1998 – UHU developed an innovative program to outreach to heterosexual men who have sex with men called the "Down Low" Telephone Help Line. The program was featured in the April 3, 2001, edition of the New York Times.
1998 – UHU received its first grant to provide HIV counseling, testing, and referral services to the African-American community from the local health department.
1997 – UHU's programs expanded to a second building at 811 L Street, SE. Eventually, UHU programs and services would be housed in six buildings within a four block area.
1997 – UHU sponsored its first "House Party Under the Tent" during D.C.'s Black Gay Pride Celebration. For the next few years, the UHU tent became a major part of the weekend celebration.
1996 – UHU became the first Black AIDS organization in the District to distribute condom kits in bars and nightclubs patronized by Black gay/bisexual men.
1995 – The Board of Directors expanded UHU's programs and services to include HIV-negative men. That same year, UHU received its first grant from the local health department to provide HIV prevention programs.
1994 – UHU received its first Ryan White Title I grant from the local health department to provide a holistic support group for HIV-positive Black gay/bisexual men. Since that time, UHU has received Ryan White funding annually.
1993 – UHU moved to its first official facility, a two-bedroom house at 819 L Street, SE. UHU also received its first grant from the Washington AIDS Partnership. The Partnership has awarded grants to UHU annually since 1993 and was instrumental in the development of UHU.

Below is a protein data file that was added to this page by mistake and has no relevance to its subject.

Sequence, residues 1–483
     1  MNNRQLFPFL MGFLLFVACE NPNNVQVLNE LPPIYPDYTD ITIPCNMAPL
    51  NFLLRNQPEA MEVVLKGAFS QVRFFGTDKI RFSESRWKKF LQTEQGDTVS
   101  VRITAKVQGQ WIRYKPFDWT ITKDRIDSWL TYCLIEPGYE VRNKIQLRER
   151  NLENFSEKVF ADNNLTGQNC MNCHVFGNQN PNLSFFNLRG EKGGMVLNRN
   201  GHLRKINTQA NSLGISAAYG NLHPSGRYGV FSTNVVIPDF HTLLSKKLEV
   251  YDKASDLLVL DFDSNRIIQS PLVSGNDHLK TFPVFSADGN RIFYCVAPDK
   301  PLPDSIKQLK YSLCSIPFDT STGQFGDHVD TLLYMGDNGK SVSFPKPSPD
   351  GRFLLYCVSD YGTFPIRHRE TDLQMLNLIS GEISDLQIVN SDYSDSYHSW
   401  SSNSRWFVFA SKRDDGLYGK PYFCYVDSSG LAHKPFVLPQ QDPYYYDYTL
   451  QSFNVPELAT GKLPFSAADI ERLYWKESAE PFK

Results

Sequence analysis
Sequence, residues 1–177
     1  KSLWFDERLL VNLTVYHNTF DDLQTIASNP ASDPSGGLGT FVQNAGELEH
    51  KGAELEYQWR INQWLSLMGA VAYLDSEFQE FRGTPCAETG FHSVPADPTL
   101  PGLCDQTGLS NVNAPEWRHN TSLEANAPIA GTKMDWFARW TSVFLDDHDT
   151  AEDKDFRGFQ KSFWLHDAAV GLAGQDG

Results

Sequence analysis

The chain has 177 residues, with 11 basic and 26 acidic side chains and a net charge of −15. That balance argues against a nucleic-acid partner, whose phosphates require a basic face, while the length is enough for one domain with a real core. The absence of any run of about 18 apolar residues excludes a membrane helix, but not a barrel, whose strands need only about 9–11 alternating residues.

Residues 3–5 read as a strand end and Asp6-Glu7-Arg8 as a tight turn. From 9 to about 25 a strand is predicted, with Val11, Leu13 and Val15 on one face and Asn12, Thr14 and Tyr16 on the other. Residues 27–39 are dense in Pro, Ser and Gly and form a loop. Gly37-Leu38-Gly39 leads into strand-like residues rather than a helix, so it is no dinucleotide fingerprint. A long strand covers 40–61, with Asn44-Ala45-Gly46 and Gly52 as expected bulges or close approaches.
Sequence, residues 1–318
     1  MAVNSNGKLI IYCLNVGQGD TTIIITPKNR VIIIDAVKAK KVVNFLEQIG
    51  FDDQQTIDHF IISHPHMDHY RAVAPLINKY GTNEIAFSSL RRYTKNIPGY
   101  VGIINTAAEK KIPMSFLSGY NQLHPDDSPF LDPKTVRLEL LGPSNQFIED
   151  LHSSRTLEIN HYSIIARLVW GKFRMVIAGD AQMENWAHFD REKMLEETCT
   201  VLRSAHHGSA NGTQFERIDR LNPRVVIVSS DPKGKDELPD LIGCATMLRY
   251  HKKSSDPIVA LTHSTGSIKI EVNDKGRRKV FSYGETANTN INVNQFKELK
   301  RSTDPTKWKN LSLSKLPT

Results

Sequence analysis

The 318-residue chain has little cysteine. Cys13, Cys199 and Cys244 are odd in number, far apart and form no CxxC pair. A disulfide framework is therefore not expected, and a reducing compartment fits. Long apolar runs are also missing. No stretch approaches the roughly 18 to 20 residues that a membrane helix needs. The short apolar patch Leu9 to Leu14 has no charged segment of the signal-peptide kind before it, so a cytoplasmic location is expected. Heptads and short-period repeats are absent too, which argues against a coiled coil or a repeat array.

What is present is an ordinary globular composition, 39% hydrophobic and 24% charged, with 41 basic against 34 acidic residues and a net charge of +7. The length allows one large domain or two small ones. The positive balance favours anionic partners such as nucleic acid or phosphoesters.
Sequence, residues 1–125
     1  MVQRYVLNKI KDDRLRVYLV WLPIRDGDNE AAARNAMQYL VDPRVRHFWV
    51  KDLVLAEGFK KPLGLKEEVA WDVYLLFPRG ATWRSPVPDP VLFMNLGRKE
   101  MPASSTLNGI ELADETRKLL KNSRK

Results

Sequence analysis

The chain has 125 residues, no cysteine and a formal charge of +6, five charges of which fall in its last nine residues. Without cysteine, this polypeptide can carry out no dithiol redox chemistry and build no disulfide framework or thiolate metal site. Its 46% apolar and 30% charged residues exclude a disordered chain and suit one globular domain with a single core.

1992 – At the request of Rainey Cheeks, Ron Simmons, a member of the support group, volunteered to be the Executive Director of UHU. He and Rainey reorganized the UHU mission, programs, and Board of Directors.
1990 – UHU expanded its training program to 24 weeks.
1989 – UHU developed a 12-week holistic health training program involving the mind, body, and spirit that taught participants traditional holistic health practices and techniques to live with AIDS.
1988 – UHU incorporated in the District of Columbia as a nonprofit community-based AIDS service organization to serve people living with AIDS. The four incorporators were: Rainey Cheeks, Prem Deben, Andrea Scott, and Howard Morris.
1988 – UHU and The Best of Washington hosted the first Black community meeting on HIV/AIDS.
1986 – The Clubhouse hosted the first major fund raiser for UHU.
1985 – The first UHU support group and buddy system met at the legendary disco, The Clubhouse. Founded by Rainey Cheeks, the support group members were: Andrea Scott, Prem Deben, Franklin Smith, Reginald Clemons, Howard Morris, Gary Martin, and Keith Fabre.